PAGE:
In the context about globalisation infootball I want to discuss about wheremovement/transfer of footballers- where the go, why did they go to country a,or b, or c? And what are the consequences of them going to country a, b, or, c?So when we’re thinking about why footballers move from country a to b it’s notalways about money. Sometimes it’s about language. Sometimes it’s aboutcultural feel. Sometimes it’s about wanting to escape from a country.

Sometimesit’s historical because of the political historical ties between two countriesor two clubs.So when we’re thinking about thisquestion about why footballers move to different parts of the world and todifferent clubs it would be easy to say, the money offered to go to from countrya or club b was a lot. Say for example Carlos Tevez moving from Boco Juniors toShanghai Shenhua. But it’s not always that simple. There areeconomic reasons.

There are cultural reasons. There are political reasons. Andthere are historical reasons about why the flow of footballers around the worldis the way it is. Like we should not forget that football also helps with internationaldevelopment, poverty, and inequality.Football may not a solution to a lotof problems, but because of the popularity around the world it’s a very usefulvehicle for building other things around about it. The power of football helpswith international development, address issues of poverty and inequality, but itis not solution in itself.Global football is viewed as beingglobal because of some or all of the following aspects of football today. Theconsumption of football is global.

People buy football shirts, or watchfootball in most if not all of the countries of the world. Global footballcompetitions such as the World Cup or the World Club Football Championshipsuggests that football competitions are becoming more global. Football media coverageincluding new social media means that people communicate with each other allover the world.Football labour markets and amigration of footballer’s means that the world of football provides work forfootballers in many countries.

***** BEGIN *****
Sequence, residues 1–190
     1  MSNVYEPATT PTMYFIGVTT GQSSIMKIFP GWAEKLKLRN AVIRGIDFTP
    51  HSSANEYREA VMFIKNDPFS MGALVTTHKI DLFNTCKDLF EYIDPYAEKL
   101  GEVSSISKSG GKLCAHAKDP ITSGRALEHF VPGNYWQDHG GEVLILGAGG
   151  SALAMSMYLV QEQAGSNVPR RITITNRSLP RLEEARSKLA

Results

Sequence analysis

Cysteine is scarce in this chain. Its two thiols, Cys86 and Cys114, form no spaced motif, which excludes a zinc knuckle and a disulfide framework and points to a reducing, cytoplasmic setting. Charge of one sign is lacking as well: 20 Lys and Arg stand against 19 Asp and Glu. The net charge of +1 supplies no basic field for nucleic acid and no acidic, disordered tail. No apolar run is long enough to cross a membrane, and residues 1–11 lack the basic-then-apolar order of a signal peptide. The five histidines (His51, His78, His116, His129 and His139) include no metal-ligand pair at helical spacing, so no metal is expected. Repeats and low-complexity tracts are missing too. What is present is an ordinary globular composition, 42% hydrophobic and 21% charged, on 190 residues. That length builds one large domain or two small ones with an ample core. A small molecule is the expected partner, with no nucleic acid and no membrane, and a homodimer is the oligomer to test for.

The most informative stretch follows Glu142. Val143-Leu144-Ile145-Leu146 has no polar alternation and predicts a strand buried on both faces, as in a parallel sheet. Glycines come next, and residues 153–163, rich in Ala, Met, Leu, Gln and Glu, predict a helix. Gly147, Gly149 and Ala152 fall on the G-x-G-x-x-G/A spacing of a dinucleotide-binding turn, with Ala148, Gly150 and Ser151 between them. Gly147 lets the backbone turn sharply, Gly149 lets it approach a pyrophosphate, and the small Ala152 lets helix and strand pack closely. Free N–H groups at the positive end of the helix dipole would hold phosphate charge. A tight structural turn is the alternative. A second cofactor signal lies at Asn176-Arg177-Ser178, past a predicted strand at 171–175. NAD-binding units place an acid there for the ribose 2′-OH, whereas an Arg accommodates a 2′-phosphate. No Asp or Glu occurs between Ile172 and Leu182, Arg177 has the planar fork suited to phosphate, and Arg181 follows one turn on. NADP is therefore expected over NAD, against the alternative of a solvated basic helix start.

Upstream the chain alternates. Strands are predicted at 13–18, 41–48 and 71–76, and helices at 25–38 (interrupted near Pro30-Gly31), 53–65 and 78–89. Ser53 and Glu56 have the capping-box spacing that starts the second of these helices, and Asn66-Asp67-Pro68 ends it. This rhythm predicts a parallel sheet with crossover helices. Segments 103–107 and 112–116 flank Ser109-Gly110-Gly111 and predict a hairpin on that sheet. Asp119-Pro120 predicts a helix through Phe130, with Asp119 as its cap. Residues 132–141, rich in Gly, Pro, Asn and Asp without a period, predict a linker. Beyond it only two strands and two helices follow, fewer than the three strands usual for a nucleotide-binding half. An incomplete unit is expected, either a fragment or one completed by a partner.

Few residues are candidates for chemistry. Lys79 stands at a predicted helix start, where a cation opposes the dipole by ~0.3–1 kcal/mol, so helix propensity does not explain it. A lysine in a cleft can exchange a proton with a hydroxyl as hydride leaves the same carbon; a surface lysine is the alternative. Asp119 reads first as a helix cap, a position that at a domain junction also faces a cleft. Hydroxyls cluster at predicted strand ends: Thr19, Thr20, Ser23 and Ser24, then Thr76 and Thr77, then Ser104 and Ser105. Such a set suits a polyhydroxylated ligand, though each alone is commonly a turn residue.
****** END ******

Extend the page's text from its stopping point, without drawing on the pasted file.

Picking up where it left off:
Football migration is more global than it was inthe 1930s. If we just take a look at one season only, 1999-2000 footballseason. In this year 658 footballers were exported from Brazil to 61 differentcountries. The top importing country that year was Germany, closely followed byPortugal.. The mobility of money and players diminishes the significance ofparticular places as footballers migrate to different parts of the world.

So if a player moves from aparticular part of the world, what effect does that have on the place that heor she has just left? Another factor is the exchange of football ideas acrossthe world, such as the use of goal line technology, or the number of foreignplayers that can play in national leagues, or equality for women footballers.Football ideas are viewed by some people as being global, but where do theseideas originate from and how are they supported? Football sponsorship is seenas being global because the different continents of the world all have footballsponsorship, but the level of this sponsorship between continents is veryuneven.The process, indeed the processes, ofmaking football global have been ongoing throughout human history, but the rateof progress and the effects have been accelerated recently. Globalisationinvolves both an intensification of worldwide football relations.

These can beglobal and local, and or national, or international.Global football forces are influencedby local and historical football traditions. And the issue is whether the keydecisions are made from the top down or from the ground up. A number of triggerforces underlie global football, but the dominant force, rightly or wrongly, isgenerally regarded to be economic..  

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